Jamaica is famous for its many beaches, rivers, and mountains. But it is the Cockpit Country, the island’s largest contiguous rainforest, that stands as the region’s most beautiful, biodiverse, and important natural feature. This ecological marvel is home to indigenous communities, countless plants and animals, and the source of much of Jamaica’s freshwater.
In 1738 the British empire granted control of all this land to the Jamaican Accompong Maroons — a community that comprises Indigenous West Indians, Africans who arrived here pre colonization, as well as runaway slaves. Since then, the region has been safe from mining, logging and other interests.
But in 2021, Jamaica’s minister of Transport and Mining, Robert Montague announced that the government had revised the Special Mining Lease 71 governing the lands in Cockpit Country open to mineral extraction — specifically the lands available for the mining company Noranda Jamaica Bauxite Partners. Noranda specializes in mining and exporting a metal ore called bauxite which creates aluminum.
The Maroons of Accompong, a village nestled in Cockpit Country, refute this new definition of the boundaries and insist that it encroaches on the established boundaries of their ancestral lands. The history of the Maroons and their stewardship of the Cockpit lands extend into ages long past, when Jamaica was still a colony of the British empire. In 1738, after years of bloody war, it was a Maroon captain who signed a treaty with the British establishing peace and granting them the lands of the Cockpit Country.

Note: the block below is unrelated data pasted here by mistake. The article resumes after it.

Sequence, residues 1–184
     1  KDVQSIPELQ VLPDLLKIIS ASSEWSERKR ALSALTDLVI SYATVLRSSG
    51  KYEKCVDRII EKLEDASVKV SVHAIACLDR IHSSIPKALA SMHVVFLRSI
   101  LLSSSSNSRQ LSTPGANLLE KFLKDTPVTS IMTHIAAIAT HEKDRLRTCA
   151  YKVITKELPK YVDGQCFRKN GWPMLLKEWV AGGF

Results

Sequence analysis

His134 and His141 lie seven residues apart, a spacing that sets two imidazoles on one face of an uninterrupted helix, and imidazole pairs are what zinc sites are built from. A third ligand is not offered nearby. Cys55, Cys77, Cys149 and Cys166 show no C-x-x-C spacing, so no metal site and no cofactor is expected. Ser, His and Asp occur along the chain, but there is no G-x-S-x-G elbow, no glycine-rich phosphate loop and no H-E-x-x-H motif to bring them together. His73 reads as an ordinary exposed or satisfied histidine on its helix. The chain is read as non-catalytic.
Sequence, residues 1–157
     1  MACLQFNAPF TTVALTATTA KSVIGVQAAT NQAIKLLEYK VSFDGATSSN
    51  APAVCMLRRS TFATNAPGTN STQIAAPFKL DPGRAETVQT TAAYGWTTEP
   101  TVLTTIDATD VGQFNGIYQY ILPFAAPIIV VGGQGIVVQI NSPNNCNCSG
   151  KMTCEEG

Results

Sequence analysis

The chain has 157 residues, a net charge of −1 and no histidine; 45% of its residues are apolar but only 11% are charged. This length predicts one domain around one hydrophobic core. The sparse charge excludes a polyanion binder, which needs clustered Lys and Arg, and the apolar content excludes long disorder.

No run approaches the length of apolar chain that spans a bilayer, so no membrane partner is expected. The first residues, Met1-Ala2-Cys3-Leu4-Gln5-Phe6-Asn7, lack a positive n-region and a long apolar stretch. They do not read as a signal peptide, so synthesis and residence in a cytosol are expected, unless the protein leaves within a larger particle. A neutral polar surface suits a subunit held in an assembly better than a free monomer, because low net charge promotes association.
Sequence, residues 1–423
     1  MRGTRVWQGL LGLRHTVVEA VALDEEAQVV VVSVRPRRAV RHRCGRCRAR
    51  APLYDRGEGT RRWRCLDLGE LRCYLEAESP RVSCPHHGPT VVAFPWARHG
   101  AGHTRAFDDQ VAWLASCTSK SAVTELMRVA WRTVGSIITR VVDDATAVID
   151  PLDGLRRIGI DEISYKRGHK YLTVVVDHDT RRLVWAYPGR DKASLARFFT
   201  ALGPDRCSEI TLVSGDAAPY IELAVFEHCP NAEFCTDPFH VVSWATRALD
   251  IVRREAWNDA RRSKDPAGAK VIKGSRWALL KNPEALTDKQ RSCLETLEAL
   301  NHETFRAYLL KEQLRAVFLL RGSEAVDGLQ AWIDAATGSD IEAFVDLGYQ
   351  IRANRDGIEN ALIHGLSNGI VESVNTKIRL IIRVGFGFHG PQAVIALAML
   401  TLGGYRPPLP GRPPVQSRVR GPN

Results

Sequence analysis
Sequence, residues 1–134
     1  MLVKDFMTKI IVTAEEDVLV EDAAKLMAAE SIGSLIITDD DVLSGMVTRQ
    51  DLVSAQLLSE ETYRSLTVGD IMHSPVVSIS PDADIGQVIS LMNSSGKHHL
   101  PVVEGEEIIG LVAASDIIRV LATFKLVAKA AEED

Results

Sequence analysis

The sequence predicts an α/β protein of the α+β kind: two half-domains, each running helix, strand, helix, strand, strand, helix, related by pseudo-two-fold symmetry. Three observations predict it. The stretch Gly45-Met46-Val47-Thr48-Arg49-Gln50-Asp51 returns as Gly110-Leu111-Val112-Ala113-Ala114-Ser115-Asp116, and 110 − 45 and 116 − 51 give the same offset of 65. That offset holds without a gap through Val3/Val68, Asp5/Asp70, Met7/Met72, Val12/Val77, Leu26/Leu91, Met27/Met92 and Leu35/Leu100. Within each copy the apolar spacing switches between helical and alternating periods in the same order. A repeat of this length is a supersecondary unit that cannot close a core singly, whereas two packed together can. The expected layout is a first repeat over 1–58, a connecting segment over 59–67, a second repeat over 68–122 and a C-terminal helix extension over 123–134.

In the eyes of the Maroon people, this treaty should still be honored. They say they have long lived in harmony with the environment, building few developments save for a sparse network of residential dwellings and a single road running through forest.
But the lines of communication between the Maroon community in Cockpit Country and the state are strained. Though the Jamaican state gained its independence in 1962, there has been no documentation within the constitution to acknowledge Maroon sovereignty. Any acknowledgement by previous governments has been informal. For decades, the Maroons have operated as an independent people within an independent nation. That independence, in their view, is now being violated.
“The Government of Jamaica has gone and signed over lands to be mined, when they don’t own those ancestral lands,” said Richard Currie, the current chief of the Maroon people in Cockpit Country.
Beyond Indigenous land rights, Cockpit Country is a hotspot of biodiversity. Spanning 500 square miles, the region is a limestone karst rainforest that stretches into three different parishes on the island and contributes to roughly 40 percent of the country’s fresh water. Rivers from four different parishes on the island have their origins and essential pathways running in and out of the forest.
The forest is also nesting grounds and feeding grounds for dozens of species of birds, home to more than half of the island’s 21 species of bats and 37 of Jamaica’s 62 species of amphibians and reptiles. It’s the tropical rainforest, relative to its size, with the most species of fern in the entire world.